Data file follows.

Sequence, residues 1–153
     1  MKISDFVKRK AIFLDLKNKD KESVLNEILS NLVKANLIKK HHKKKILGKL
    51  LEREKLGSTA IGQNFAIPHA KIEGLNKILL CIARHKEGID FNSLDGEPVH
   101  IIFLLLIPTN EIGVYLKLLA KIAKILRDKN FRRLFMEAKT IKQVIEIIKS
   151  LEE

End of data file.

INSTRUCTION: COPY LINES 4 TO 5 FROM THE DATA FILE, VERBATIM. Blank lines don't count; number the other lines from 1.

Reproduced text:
   101  IIFLLLIPTN EIGVYLKLLA KIAKILRDKN FRRLFMEAKT IKQVIEIIKS
   151  LEE